City of Industry

Bomb Rating: 

Harvey Keitel and Al Pacino seem to be running some sort of race to see who can play the most low-life hoodlums before their careers devolve into pathetic grandfather roles.

Putting aside for a moment that Harvey Keitel and Al Pacinoseem to be running some sort of race to see who can play the most low-life hoodlums before their careers devolve into pathetic grandfather roles, has anyone noticed that Keitel's version of emotional catharsis sounds like the wailing of a stuck pig? It's like he topped a five iron, snapped the club over his leg, and stuck himself in the gut with one of the sharp ends.

Harvey's emotional moment in this film happens after a robbery has gone bad. Roy Egan (Keitel) is called in by his brother, Lee (Timothy Hutton), to do a "sure thing" robbery. Along on the team are Lee's buddy, Jorge (Wade Dominguez), and the wheelman, Skip (Stephen Dorff). Surprisingly, the heist does go well; that is, until Skip shoots Lee and Jorge, leaving Roy to bang his fists on a card table and wail like a baby who's just sucked down an amphetamine-laced glass of Tang.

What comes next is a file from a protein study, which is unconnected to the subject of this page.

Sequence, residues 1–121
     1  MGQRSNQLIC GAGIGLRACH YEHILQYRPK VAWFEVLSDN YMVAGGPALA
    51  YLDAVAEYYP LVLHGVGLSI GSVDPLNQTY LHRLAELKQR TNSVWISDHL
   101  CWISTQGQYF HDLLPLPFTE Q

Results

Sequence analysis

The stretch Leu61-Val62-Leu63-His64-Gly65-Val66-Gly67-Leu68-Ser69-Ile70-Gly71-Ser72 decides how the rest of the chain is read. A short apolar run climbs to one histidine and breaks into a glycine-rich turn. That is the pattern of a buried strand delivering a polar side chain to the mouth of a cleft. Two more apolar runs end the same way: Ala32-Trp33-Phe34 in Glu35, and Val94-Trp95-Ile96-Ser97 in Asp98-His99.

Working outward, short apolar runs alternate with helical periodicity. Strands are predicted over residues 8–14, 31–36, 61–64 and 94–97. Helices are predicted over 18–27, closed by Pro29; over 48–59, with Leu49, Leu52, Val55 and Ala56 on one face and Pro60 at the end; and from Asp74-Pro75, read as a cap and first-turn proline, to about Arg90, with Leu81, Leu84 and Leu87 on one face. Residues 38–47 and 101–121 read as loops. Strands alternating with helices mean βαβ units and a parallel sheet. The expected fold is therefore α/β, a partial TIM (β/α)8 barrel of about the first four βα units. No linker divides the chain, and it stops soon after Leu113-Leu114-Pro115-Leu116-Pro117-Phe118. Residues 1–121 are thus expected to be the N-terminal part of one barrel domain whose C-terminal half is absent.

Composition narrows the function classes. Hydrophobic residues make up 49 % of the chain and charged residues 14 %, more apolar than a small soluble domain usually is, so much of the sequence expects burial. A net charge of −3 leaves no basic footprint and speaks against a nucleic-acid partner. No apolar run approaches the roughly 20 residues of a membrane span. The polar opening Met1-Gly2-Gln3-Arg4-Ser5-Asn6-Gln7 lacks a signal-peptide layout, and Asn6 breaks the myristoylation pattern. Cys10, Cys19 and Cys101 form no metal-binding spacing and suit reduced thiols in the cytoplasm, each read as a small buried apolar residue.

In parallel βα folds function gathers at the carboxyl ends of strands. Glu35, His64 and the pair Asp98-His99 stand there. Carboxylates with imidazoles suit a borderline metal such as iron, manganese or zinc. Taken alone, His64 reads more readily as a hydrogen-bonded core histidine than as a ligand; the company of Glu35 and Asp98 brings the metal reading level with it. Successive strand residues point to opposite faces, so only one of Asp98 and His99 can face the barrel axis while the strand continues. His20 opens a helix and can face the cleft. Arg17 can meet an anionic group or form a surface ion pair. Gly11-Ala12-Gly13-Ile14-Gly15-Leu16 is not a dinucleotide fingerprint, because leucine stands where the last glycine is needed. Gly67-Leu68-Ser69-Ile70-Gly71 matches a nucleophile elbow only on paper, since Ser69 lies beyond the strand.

That Harvey has a similar moment in "Reservoir Dogs" seems ironic since "City of Industry," though equally obsessed by the heist-gone-wrong scenario, prefers pronoun battery to quirky dialogue as its method of character development. Thus, Mr. White saying "yeah, I read Silver Surfer" is replaced with "yeah, uh, I read that thing."

Set in a dark, dank, unHollywood-like Los Angeles and following the lives of low-life criminals, "City of Industry" is what film school types like to call "film noir." The film even goes so far as to shoot at the same oil refinery where James Cagney met his doom in "White Heat." To the rest of us, however, "film noir" is a foreign term usually heard in theaters by crowds of screaming French people after the projector light has gone out. In this film's case, such a problem might actually have made for better viewing.

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